What is a tech spec and why do I need one?

Posted by on August 26, 2022

For the past three months, I’ve been a Software Engineering Intern in the Connections & Add-ons team here at FreeAgent. We look after a number of features that allow FreeAgent to work with third-party services: if a business owner wants to get paid faster, they can add a PayPal, Stripe, GoCardless or Tyl payment link to their invoices; if they need to get their business insured, they can sign up for a Hiscox insurance policy directly through FreeAgent; and if they’re looking for an accountant to work with, they can sign up with one of our CoPilot practices.

Recently, I’ve been working on writing a tech spec for the work that we’re planning to do in the next few weeks. We want to give the Connections & Add-ons page a rejig, a lick of paint, and then introduce PayPal as an option to sit alongside the other payment providers. Currently, the page looks like this…

…but the new update is coming soon.

As mentioned, I’ve been working on a tech spec for some of this work related to moving PayPal from one area of the app to our newly designed Connections & Add-ons page. I thought I’d give you an insight into what I’ve learned whilst writing my first tech spec as a FreeAgent intern. So, talking of tech specs…

What is a tech spec?

A tech spec – short for ‘technical specification’ – is a document that outlines a problem to be solved, why it needs to be solved, the requirements of the solution, and the proposed solution to the problem – essentially it’s the What, Why and How of any software engineering related problem.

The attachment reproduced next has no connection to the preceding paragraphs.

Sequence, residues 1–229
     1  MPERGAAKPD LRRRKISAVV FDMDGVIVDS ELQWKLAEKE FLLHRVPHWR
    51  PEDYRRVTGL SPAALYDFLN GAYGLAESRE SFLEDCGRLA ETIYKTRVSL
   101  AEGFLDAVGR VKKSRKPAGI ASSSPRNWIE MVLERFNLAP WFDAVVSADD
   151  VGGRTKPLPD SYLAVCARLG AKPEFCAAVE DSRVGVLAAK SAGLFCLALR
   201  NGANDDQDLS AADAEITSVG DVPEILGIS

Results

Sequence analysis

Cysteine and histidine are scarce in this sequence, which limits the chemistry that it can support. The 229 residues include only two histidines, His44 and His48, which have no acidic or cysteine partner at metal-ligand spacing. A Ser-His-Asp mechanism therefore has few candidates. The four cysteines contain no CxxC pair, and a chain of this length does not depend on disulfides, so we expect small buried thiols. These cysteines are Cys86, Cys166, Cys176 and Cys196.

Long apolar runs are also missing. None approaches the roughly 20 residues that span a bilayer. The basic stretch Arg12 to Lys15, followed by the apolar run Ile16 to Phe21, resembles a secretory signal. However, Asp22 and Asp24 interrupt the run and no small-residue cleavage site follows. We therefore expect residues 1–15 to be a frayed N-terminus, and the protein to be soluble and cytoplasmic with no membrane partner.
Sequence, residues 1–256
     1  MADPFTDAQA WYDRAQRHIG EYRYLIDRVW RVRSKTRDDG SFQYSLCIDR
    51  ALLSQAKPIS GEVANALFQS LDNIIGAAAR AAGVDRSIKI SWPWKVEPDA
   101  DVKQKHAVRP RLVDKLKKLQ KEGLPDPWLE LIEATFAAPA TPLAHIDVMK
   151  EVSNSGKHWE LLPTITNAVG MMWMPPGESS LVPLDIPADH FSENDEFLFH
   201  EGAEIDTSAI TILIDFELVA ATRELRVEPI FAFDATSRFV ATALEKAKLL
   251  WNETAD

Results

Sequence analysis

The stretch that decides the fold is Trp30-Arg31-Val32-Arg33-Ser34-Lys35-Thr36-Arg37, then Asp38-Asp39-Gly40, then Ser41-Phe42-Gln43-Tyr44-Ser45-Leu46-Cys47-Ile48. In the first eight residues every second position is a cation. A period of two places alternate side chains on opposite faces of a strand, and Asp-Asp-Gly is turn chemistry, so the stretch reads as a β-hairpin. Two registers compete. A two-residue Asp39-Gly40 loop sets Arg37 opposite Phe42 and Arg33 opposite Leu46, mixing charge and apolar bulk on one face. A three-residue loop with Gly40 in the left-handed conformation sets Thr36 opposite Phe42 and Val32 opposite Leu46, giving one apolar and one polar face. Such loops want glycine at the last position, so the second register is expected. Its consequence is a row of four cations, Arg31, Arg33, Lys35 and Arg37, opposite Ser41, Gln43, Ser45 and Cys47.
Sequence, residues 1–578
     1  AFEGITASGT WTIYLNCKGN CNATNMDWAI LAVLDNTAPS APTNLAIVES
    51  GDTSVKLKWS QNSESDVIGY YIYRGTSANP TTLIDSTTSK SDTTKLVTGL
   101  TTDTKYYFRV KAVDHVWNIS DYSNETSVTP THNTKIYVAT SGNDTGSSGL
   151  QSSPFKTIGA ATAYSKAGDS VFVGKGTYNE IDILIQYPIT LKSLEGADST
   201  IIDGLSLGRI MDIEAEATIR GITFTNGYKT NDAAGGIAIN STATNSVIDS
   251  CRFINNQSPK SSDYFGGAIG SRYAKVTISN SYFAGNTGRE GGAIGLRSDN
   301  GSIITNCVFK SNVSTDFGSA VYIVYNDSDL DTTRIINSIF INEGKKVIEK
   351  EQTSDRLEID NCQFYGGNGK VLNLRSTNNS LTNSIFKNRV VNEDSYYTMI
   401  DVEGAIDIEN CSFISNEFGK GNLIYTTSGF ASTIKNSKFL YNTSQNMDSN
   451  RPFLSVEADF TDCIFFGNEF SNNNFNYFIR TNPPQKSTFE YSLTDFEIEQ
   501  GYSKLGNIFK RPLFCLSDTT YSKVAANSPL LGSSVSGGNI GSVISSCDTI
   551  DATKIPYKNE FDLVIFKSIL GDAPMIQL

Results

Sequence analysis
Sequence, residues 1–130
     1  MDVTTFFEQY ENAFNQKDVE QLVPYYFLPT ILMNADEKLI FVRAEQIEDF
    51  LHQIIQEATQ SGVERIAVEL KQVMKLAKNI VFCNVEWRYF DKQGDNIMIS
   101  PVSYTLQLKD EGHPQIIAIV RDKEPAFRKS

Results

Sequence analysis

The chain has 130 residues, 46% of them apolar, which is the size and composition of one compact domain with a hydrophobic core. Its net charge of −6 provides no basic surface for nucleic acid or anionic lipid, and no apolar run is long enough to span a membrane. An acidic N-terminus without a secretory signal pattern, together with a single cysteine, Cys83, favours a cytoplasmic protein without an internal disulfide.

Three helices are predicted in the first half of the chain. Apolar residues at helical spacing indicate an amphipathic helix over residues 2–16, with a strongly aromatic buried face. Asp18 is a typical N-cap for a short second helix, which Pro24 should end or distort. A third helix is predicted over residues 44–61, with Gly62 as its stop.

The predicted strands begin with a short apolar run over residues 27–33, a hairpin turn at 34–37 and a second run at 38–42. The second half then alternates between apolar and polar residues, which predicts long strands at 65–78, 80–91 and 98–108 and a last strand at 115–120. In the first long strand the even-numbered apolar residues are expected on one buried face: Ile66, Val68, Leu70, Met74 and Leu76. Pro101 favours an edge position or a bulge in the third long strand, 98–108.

As the name suggests, a tech spec can be quite technical and it’s usually written by an engineer. Once written, it can then be shared with the wider team (fellow engineers, product managers and designers), who will discuss solutions to specific issues, answer any open questions and offer suggestions around the proposed implementation.

Another important aspect of a tech spec is that it outlines any other stakeholders involved in the project. For example, a stakeholder could be another team within FreeAgent or it could be an external third party.

Why do I need a tech spec?

When starting a new project or piece of work, it is very tempting to jump straight in and start writing code (I’m definitely guilty of this!). However, the planning stage of any software development project is just as important as the actual coding stage.

Most software projects follow a similar pattern:

💡 Discovery – what is the problem that we are trying to solve?

 ✏️ Design – how might a solution to this problem look?

📄 Technical specification – what do we need to consider and how are we actually going to solve it? How are we going to break this work into manageable chunks?

🔎 Refine – have we covered everything? Are there still any open questions?

🏗️ Build – time to write some code…

✅ Deploy – time to share your new features or changes with users.

Notice that the tech spec stage is after Design but before Build. If we were using a very linear software development process (for example, the Waterfall model) and we got our design and planning stage wrong, it could be time-consuming and expensive to make changes during the Build stage. If you instead use the Agile methodologies, it can be a lot easier to make last minute changes, however, it’s always best to have a solid plan of action and anticipate any blockers from the start – this is exactly what a tech spec is for.

Another benefit of a well written tech spec is that it keeps everyone in the team on the same page. My team, like most teams at FreeAgent, isn’t solely made up of engineers – we have a product manager and a designer too. When embarking on a new piece of work, there are a lot of engineering, product and design considerations that need to be taken into account and it can be useful to summarise these in one document whilst thinking about the implementation.

How do I write a tech spec?

You can choose to write your tech spec in a few different ways but most tech specs follow a similar format. In the Connections & Add-ons team, we have a good template so I decided to closely follow that, therefore, my tech spec was made up of the following sections:

Summary and motivation

What are you doing and why are you doing it?